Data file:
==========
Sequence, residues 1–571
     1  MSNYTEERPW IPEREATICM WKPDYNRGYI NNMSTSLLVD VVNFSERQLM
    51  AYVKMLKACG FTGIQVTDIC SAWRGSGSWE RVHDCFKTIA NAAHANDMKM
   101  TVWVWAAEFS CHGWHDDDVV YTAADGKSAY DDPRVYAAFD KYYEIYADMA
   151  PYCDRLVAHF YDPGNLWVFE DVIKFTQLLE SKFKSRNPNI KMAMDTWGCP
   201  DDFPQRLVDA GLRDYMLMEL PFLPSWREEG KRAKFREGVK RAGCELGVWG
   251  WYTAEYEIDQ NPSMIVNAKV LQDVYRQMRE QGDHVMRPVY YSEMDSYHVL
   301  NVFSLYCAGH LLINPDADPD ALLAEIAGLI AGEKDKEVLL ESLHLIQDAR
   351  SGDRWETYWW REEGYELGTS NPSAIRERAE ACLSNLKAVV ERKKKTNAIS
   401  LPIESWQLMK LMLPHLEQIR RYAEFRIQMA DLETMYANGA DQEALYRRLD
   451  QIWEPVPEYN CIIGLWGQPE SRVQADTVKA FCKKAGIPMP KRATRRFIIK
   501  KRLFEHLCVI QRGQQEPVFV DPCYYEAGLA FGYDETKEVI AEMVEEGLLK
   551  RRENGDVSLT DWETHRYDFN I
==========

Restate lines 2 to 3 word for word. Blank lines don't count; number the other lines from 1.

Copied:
     1  MSNYTEERPW IPEREATICM WKPDYNRGYI NNMSTSLLVD VVNFSERQLM
    51  AYVKMLKACG FTGIQVTDIC SAWRGSGSWE RVHDCFKTIA NAAHANDMKM